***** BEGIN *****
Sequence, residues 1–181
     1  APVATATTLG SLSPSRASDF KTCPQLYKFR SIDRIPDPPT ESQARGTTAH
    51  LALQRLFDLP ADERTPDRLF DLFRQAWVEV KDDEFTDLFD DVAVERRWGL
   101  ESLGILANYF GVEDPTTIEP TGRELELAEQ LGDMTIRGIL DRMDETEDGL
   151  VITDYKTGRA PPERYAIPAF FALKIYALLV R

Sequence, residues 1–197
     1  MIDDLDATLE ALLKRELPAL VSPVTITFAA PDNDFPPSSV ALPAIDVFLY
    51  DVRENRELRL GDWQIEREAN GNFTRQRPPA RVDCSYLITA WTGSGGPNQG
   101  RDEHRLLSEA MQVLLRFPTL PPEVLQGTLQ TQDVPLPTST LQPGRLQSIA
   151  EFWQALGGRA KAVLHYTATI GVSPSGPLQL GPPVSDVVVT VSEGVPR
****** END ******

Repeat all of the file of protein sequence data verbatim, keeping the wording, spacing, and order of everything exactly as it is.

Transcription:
Sequence, residues 1–181
     1  APVATATTLG SLSPSRASDF KTCPQLYKFR SIDRIPDPPT ESQARGTTAH
    51  LALQRLFDLP ADERTPDRLF DLFRQAWVEV KDDEFTDLFD DVAVERRWGL
   101  ESLGILANYF GVEDPTTIEP TGRELELAEQ LGDMTIRGIL DRMDETEDGL
   151  VITDYKTGRA PPERYAIPAF FALKIYALLV R

Sequence, residues 1–197
     1  MIDDLDATLE ALLKRELPAL VSPVTITFAA PDNDFPPSSV ALPAIDVFLY
    51  DVRENRELRL GDWQIEREAN GNFTRQRPPA RVDCSYLITA WTGSGGPNQG
   101  RDEHRLLSEA MQVLLRFPTL PPEVLQGTLQ TQDVPLPTST LQPGRLQSIA
   151  EFWQALGGRA KAVLHYTATI GVSPSGPLQL GPPVSDVVVT VSEGVPR